As stated in the previous post the following additions have been made: start menu, in-game interactions (collection UI, timer/high-score UI), minimal special effects (object sounds, UI changes on object found), level ending (with high-score submit).
The game as of V0.2.0:
Some changes did not make it: the achievement system is still on the list but not that high on priority anymore.
The next official project update is scheduled at 18 March 2018, we will hit version 0.3 by then. It will go more in depth: more details, more levels, more content. And we will start the Beta by then and begin distributing it to the Beta testers through Steam.
And here it is: live game play of Find the Gnome while using the Alpha 0.1.5 build.
Watch as the little gnomes run in fear of disappearing into a fog (for all they know). But we know better: it is for the common good and for their best that we collect them and showcase them in our on-screen inventories! (Inventories are not included in this 0.1.5 build but will be added between now and 0.2.0)
Interesting points in the video 1:14 core game explaned 1:39 first gnome abducted 3:10 first gnome running 3:27 first gnome screaming while running
The other parts of the video: boring! boring! boring! Next time I’m going to use some actual video editing to get rid of those ‘I love to hear myself talking’ points.
And last but not least: interested in joint Alpha / Beta? Use the contact form to get to me.
After just 2 weeks the idea has landed and the crowd is applauding: a search and find game where you chase garden gnomes.
A gnome and its collision window in Alpha 0.1.1:
And a peek at the art style & level design in Alpha 0.1.2:
The alpha testing has been a success. A lot of positive reactions on the core game mechanics from young people to elder ones.
There is still a lot of work to be done so the update continues!
The next official project update is scheduled at 18 February 2018, we will hit version 0.2 by then. It will include a bit of everything: a basic start menu, the basic in-game interaction counters, minimal special effects on objects, a level ending, an achievement system.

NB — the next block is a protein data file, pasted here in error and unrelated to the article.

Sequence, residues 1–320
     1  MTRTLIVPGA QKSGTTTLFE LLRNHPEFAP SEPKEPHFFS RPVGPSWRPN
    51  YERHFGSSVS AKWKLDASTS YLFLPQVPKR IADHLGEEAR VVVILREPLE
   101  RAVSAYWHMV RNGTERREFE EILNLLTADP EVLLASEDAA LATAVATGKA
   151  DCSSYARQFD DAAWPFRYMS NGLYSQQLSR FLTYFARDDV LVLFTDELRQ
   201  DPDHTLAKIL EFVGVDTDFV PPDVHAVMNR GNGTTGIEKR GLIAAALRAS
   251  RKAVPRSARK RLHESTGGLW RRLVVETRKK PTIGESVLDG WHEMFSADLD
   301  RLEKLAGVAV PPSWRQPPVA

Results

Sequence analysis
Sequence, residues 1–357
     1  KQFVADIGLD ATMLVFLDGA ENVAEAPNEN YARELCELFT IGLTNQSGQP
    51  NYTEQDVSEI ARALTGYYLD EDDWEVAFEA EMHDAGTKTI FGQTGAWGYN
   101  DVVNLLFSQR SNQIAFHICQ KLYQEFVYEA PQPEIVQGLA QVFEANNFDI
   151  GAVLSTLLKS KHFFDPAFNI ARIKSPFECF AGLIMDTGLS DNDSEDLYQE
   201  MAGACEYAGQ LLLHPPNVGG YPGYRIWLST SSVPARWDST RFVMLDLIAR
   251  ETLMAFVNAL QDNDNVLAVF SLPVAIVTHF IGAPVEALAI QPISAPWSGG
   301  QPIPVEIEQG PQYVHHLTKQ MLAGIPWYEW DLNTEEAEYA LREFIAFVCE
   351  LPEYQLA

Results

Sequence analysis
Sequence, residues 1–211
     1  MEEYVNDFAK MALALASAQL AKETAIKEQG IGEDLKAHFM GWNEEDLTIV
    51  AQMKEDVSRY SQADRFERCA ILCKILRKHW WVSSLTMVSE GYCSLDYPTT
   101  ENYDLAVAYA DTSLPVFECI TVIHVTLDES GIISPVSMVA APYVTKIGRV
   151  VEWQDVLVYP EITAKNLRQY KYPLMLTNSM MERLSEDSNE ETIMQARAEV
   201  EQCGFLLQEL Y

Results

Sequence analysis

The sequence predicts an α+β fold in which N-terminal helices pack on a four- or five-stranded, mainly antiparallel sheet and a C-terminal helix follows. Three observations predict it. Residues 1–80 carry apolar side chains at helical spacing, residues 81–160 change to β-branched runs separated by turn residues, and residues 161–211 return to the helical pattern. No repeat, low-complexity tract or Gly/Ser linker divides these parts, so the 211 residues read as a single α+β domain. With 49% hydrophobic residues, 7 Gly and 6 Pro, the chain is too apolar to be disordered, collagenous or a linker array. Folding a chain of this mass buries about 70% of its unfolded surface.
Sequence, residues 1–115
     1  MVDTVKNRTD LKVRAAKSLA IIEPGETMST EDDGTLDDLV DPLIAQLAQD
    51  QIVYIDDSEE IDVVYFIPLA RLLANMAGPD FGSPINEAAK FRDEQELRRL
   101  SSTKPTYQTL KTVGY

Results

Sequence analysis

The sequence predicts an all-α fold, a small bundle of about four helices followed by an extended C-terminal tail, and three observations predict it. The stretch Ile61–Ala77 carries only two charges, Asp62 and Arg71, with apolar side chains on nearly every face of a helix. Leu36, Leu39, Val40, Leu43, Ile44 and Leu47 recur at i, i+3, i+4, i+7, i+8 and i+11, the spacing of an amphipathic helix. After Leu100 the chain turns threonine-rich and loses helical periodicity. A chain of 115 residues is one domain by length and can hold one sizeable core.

One of the main reasons I started this blog was to give an insight into the life of a developer. This is because I couldn’t find that much information on the journey of starting a game development company.
Of course, there is much information on people telling how to make it. Most of the times after their first or second success. But for all those that struggle (or perhaps fail), there are very few sources of information.
My plan is to give ‘behind the scenes’ peeks on what it takes to develop games. Articles tagged with this category will have some kind of the following information on them:
What business or product strategy do I use, and why.
What kind of information sources I do use to base my decisions on.
How are things going (business wise and personally)
This is what I wanted when I started GameFeelings. I read it with a smile now, because much has changed. I have learned a lot since this post in November 2017, and GameFeelings is now about much more then just making/showcasing games. Check the About page for my current motivation.
The past month was a personal milestone. After years of only having idea’s on developing games, I decided to give it my best and start for real.
I am Erik de Roos from the Netherlands, born in 1987, currently active as a Software Developer at Luminis, a dad to my two children and married with my love of my life.
This website, Gamefeelings.com, is meant to be the main point of communication for the games I develop. Further more, it is a showcase of what I am capable of.
My goal is to make 3 game in 2 years, starting on November 2017 and ending November 2019. After this period I will decide whether to increase my time spend on this subject or to move on to something else.
The first game, project 1, is scheduled to arrive at begin June 2018.